Estlund: I told you, “I think I have an idea,” and I told you about the Interpol research I had done and the client that had approached me. And I remember you smiled and told me I had to give you my credit card so we could buy a URL and start a blog. I remember that I did take out my credit card and hand it to you, and I did not want to let go of it because I knew that once I did, that this thing was going to start—and that was really scary for me.
I remember that you told me, “You’ll be the leading expert on Interpol,” and I knew that you were a crazy person. And turns out that kind of ended up happening, didn’t it?
Black: What were the obstacles that almost stopped you?
Estlund: I think my primary limitation at that time was a concern or a fear of criticism. And this might sound odd coming from somebody who is a criminal defense trial attorney, who should be used to criticism and used to hearing no, but this was different for me, because it wasn’t a set of facts in a case that was presented to me, for me to protect and defend another person. This was for me, which is often more difficult. It was my writing, my thoughts, and my ideas. The idea of something that personal being critiqued was very challenging for me.
I wanted to start a blog that was geared toward other attorneys, potential clients, academics, and people like that with the goal of educating people about Interpol, establishing credibility for myself, I wanted to attract clients, of course, and I wanted to advocate for reform where it was needed. Like I said, part of what I wanted to do was advocate for reform of Interpol proceedings, and I was worried that people would think, well, who does she think she is? Why would we listen to this Miami lawyer over in Europe?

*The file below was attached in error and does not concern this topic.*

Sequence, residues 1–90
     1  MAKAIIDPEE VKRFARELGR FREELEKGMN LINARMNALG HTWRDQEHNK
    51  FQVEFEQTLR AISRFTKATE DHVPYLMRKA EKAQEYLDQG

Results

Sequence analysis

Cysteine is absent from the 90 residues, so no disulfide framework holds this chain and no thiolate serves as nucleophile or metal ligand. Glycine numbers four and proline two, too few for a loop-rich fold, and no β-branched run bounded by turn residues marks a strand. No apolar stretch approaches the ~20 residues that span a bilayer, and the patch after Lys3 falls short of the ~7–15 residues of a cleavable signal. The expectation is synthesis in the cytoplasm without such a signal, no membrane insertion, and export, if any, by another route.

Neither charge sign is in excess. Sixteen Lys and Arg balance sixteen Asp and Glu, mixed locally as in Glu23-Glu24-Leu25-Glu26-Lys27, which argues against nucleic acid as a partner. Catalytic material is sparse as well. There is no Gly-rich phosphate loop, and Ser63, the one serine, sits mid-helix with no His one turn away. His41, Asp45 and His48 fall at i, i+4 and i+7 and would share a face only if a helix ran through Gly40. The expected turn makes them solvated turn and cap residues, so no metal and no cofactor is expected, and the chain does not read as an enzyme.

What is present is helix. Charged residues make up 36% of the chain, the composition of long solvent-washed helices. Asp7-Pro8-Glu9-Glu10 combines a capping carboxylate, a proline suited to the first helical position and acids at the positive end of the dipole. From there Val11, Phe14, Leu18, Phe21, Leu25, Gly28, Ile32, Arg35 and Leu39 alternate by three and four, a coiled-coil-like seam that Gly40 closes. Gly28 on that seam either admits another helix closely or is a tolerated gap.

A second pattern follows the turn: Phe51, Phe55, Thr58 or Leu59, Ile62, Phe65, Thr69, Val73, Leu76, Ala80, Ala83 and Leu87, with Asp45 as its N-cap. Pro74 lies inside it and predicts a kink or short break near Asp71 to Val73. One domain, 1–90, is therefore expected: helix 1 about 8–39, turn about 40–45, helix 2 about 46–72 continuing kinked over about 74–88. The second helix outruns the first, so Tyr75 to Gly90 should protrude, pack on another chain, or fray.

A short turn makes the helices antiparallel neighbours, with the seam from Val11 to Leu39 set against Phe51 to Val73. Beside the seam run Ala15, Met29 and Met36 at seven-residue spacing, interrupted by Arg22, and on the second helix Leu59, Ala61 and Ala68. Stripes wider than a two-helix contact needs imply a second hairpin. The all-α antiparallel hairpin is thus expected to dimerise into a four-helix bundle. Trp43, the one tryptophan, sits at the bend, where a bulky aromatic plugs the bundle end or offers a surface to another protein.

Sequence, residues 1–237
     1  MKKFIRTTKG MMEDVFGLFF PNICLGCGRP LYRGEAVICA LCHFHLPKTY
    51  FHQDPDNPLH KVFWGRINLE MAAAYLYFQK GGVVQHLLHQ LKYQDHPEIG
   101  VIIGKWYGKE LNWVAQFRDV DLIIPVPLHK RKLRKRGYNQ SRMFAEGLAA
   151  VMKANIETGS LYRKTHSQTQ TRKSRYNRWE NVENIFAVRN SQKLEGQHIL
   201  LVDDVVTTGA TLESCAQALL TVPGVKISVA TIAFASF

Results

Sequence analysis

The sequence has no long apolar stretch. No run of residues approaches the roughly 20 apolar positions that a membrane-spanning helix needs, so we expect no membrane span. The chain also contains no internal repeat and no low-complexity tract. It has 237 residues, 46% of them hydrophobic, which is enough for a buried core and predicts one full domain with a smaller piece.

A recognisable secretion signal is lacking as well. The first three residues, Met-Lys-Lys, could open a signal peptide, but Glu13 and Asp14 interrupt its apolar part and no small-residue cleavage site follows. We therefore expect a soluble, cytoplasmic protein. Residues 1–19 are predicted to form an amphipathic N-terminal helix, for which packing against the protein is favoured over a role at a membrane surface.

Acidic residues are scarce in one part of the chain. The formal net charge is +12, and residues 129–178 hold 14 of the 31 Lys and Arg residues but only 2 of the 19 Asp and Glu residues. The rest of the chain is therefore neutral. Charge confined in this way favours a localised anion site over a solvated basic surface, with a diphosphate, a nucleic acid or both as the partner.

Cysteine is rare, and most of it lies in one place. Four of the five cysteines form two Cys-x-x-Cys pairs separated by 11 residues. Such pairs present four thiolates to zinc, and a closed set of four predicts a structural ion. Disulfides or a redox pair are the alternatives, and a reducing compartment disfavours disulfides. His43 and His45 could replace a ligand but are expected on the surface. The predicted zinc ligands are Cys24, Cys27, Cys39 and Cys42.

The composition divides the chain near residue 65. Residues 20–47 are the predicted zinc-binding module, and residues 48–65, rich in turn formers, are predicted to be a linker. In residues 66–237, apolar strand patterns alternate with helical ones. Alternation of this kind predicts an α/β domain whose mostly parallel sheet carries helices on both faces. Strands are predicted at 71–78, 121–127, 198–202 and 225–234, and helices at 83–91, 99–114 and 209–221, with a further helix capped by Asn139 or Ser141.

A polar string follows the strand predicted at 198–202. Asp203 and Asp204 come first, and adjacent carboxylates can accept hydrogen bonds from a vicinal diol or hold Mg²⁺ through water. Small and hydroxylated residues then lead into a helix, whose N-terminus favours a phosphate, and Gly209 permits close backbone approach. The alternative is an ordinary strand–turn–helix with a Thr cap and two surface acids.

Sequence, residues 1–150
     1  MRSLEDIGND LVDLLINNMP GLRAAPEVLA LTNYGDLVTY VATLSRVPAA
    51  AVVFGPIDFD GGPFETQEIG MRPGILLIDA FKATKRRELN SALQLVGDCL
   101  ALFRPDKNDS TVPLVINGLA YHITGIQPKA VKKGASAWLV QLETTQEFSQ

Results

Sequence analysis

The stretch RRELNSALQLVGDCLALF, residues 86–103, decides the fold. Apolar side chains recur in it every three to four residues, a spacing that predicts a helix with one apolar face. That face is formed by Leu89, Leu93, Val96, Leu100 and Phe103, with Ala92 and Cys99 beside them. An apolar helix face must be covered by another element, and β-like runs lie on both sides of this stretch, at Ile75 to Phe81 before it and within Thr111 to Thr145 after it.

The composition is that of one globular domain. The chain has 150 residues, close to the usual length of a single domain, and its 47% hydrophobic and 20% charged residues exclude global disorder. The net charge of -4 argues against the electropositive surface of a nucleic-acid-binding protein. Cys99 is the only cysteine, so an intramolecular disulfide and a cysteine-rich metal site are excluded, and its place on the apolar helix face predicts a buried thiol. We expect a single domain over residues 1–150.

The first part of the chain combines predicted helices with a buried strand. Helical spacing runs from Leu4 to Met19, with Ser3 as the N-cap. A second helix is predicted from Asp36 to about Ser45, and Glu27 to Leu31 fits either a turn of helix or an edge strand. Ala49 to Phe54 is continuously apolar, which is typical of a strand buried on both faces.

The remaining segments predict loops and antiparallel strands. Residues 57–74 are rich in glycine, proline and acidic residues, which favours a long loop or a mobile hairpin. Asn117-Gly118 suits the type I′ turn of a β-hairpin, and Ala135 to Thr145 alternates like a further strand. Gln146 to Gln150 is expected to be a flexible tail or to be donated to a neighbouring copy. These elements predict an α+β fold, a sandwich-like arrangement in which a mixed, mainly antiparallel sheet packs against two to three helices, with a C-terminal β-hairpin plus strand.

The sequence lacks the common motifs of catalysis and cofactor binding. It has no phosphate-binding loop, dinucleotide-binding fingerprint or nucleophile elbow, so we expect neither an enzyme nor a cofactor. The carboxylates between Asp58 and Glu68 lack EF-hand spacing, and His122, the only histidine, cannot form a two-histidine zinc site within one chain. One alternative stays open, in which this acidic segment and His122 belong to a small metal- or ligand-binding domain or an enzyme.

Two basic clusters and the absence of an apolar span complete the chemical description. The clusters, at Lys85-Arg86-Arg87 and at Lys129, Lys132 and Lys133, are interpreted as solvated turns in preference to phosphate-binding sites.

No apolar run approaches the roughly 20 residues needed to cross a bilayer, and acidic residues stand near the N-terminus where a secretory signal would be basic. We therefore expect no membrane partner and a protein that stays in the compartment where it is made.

This is an international, quasi-legal organization, and I just didn’t feel that I had the gravitas that I needed in order to effect change.
Also, I was worried more personally for my practice—that if I publicized myself as being a specialist or focusing in a niche practice, people would think that that’s all I could do, that I’m a one-trick pony. So those were my concerns.
Black:What was your strategy?
Estlund: In terms of strategy, I can’t say that I had a specific strategy thought out, other than I knew who my target audience was going to be, and I knew that I wanted to serve as a source of information that wasn’t otherwise readily available. And I hoped that consistent blogging about my topic would also force me to stay on my toes, and it has.
Black: So what did you learn, and how did you muster up the courage?
Estlund: I eventually accepted that no one knows everything, even experts. And I remembered my favorite, most well respected professors and mentors throughout my life all had something in common. It was that they didn’t back away from saying “I don’t know,” because they loved what they did, and they knew how to go find out the information that they needed. I knew I could do that too.
I also realized that we can’t wait until we’re not afraid to act. It’s not brave if you’re not scared. Even the most seasoned attorneys are afraid of something. For me, it’s not judges, it’s not juries, it’s not law enforcement officers, and it’s not public speaking. For me, what I was really afraid of was writing about something I cared about and having it not be perfect in public and online.